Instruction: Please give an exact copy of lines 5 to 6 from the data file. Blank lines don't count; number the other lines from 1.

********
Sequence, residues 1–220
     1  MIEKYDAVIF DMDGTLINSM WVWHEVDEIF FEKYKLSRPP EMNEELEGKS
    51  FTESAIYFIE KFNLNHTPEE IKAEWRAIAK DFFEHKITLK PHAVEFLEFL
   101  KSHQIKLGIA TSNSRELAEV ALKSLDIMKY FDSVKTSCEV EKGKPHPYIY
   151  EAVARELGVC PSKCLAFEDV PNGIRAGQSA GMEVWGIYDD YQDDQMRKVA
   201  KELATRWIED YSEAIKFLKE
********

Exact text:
   151  EAVARELGVC PSKCLAFEDV PNGIRAGQSA GMEVWGIYDD YQDDQMRKVA
   201  KELATRWIED YSEAIKFLKE